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Unformatted text preview: Philosophy 243 Showdown at the Galerie Réelle An improvisational play inspired by Arthur Danto’s “Art Works and Mere Real things” (G&B pp. 39—43) , Denis Dutton’s “Artistic Crimes” (G&B pp. 16-19), and George Dickie’s “Art as a Social Institution” (G&B pp. 490-494). Scene: The Galerie Réelle, where the director is designing a new art exhibit, Seeing Red . She wants to make us really see red and to appreciate what artists have seen in red. She intends the exhibit to illustrate the variety, richness, and authenticity of art, and to distinguish art from mere things. Dramatis Personae: The Director; Søren Kierkegaard and five other donors of artworks for the exhibit; the egalitarian young artist, J; the notorious forger, Hans van Meergeren IV, who is carrying on a family tradition. Act I Scene I : The Director has chosen some genres to include in the exhibit: historical art, still life, landscape, minimalist geometrical abstraction, and religious art. Beginning with the genre of historical (and/or religious?) art, the Director is trying to decide between Poussin’s red chalk drawing, The Crossing of the Red Sea (1634) and Albrecht Altdörfer’s The Battle of Alexander at Issus (1519). Enter Kierkegaard with a better idea. (Improvise: Kierkegaard explains why the painting represents the crossing of the Red Sea, and what it does for him, personally.) Director accepts K.’s suggestion. What next? Enter Donor 2 with an example of psychological portraiture, “Kierkegaard’s Mood.” Director: “Why didn’t I think of that?” She adds a genre to the exhibit. (Improvise. Is K. o.k. with that, or does he leave at this point?) Director moves on to another genre: still life. She is trying to decide between Matisse’s Crockery on a table (1900) and a later work, Harmony in Red...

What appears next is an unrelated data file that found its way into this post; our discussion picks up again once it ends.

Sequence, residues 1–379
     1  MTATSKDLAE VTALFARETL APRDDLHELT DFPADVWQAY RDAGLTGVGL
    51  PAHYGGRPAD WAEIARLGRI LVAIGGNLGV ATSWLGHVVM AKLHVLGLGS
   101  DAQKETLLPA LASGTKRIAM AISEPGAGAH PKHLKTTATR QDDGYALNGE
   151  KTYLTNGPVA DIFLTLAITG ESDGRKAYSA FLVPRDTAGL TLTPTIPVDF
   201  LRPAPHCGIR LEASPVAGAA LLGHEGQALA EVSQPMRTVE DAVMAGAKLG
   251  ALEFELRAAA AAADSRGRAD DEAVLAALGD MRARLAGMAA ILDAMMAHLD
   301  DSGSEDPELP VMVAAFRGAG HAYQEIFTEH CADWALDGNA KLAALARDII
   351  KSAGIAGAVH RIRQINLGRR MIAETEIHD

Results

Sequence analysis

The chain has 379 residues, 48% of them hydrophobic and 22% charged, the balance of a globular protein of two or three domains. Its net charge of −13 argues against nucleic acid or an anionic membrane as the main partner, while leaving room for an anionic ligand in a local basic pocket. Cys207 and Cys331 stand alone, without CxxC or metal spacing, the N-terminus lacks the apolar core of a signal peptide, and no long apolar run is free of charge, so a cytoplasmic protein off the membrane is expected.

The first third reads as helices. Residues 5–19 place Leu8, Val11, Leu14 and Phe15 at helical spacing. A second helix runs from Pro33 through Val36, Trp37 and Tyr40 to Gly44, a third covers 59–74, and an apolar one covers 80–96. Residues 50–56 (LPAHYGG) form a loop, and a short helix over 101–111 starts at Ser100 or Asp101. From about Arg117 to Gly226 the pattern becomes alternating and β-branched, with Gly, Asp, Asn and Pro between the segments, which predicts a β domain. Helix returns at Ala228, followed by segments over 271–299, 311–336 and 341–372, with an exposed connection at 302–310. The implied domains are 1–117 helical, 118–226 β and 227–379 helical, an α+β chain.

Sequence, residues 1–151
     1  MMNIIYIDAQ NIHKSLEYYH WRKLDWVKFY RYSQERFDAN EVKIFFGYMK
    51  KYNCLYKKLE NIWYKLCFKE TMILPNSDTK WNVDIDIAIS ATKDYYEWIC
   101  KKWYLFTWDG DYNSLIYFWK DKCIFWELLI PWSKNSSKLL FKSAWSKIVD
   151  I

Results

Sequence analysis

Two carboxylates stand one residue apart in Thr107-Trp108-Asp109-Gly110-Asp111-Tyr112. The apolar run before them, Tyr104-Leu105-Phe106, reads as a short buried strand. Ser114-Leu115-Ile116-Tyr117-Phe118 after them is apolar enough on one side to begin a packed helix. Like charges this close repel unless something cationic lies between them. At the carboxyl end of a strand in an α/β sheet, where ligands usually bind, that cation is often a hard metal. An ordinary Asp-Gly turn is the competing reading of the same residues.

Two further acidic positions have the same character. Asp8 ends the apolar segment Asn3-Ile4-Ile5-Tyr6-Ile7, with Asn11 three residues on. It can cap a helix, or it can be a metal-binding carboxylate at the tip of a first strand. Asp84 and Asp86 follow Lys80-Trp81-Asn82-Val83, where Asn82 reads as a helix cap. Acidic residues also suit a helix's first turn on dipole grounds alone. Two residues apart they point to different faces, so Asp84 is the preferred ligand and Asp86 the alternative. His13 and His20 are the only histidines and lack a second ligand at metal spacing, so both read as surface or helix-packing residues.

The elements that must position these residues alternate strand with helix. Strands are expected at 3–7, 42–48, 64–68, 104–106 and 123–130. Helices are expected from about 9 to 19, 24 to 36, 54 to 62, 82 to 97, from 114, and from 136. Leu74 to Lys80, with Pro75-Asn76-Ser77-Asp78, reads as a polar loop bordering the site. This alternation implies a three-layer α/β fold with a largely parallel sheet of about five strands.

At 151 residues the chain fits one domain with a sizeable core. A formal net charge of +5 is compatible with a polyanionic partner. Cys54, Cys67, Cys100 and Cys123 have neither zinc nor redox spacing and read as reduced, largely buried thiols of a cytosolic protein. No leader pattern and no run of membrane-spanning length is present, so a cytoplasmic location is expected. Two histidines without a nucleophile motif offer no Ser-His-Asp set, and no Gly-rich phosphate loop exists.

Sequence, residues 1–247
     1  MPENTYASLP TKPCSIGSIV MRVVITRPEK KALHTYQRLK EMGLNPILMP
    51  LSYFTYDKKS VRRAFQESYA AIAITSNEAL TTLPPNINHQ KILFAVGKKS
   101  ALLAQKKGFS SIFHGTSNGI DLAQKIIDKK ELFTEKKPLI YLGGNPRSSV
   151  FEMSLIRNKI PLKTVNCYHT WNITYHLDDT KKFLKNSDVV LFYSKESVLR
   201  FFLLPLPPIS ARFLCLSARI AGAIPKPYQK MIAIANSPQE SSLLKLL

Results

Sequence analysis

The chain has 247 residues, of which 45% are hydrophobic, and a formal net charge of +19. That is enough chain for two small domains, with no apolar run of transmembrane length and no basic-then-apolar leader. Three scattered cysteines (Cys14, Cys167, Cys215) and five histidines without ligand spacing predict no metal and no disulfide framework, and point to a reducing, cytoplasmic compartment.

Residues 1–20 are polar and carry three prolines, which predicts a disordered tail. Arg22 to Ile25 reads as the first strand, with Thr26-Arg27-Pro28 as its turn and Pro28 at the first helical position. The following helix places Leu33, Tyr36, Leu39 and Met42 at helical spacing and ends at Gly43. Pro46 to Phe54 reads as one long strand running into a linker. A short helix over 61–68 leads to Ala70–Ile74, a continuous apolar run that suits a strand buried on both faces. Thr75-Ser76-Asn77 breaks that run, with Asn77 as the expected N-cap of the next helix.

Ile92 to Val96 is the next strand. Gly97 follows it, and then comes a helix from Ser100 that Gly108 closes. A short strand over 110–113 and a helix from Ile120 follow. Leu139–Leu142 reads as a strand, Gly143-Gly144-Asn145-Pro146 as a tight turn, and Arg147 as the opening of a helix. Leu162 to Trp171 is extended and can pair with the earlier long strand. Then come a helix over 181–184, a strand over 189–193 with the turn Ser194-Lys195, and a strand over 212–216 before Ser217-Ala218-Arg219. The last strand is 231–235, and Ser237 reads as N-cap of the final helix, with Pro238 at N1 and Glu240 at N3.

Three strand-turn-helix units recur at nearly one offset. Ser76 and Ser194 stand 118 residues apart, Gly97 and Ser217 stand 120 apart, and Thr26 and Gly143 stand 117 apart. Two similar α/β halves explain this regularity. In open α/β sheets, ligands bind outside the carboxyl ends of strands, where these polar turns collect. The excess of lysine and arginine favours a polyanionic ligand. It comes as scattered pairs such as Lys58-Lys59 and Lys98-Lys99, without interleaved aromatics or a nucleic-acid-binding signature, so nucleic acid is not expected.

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This essay was uploaded on 04/07/2008 for the course ASIAN 124 taught by Professor Larson during the Winter '08 term at St. Olaf.
- Winter '08